The company that transformed CRM from an acronym to a ticker symbol on the New York Stock Exchange is toying with the idea of an acquisition Bloomberg reported. Specifically, reporters Alex Sherman and Cory Johnson noted Salesforce is apparently "working with financial advisers to help it field takeover offers after being approached by a potential acquirer."

While the potential suitor was not named, one thing is clear: the buyer would need extraordinarily deep pockets since Salesforce has a $49 billion market cap. That puts the spotlight on several companies, including Microsoft, SAP, IBM — and one especially close to the heart of Salesforce CEO Marc Benioff, Oracle.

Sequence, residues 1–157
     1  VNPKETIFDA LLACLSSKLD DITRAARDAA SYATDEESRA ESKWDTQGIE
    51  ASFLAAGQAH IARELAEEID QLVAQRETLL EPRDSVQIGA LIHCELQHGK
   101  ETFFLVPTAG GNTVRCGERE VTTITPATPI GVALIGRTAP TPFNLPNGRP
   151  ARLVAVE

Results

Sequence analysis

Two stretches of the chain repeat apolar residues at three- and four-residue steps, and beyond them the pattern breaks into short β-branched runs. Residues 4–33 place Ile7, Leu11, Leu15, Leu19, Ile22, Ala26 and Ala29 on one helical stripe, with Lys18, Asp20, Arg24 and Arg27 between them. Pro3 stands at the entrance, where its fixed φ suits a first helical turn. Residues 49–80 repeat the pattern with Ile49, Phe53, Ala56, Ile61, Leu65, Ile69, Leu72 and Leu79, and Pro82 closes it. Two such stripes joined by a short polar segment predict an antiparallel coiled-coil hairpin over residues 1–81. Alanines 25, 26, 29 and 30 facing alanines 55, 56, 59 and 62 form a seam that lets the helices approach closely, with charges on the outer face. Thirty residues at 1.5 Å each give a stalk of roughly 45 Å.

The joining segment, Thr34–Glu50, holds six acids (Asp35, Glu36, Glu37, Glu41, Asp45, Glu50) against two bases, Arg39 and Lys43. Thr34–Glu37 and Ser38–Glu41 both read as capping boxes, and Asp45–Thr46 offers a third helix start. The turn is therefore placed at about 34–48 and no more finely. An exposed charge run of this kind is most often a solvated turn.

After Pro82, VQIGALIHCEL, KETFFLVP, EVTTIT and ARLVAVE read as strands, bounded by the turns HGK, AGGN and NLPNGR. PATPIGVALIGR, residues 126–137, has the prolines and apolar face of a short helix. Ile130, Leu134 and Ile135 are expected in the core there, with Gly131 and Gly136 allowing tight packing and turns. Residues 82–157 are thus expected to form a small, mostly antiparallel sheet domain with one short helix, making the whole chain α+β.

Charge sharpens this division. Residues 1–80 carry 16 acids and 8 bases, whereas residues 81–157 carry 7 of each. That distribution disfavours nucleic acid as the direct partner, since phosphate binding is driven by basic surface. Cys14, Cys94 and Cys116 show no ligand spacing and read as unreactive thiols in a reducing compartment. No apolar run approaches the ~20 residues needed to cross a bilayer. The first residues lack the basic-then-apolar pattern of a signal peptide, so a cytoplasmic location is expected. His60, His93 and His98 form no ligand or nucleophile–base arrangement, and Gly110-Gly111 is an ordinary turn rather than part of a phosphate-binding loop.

And here's something else. Benioff has been steadily selling stock. In the past month, he's reduced his outstanding common shares from more than 37.937 million to 37.675 million yesterday, according to documents filed with the US Securities and Exchange Commission

Shares surged 13.5 percent in late trade yesterday on news of the rumored takeover.

'Spartan' Win10 Browser Morphs to 'Edge' #Build2015

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Microsoft confirmed what developers who had peeked into some of Windows 10’s “Project Spartan” files had speculated: The new Windows 10 browser has a new name.

At its Build developers conference in San Francisco today, Microsoft announced it will rename the new browser engine “Microsoft Edge.”

The new name has the virtue of beginning with “E,” so long-time Windows desktop PC users will recognize the logo: a lower-case “e” with a little wavelet-shape cut in it. It’s different enough to be new, but similar enough to be associated as Microsoft’s native web browser.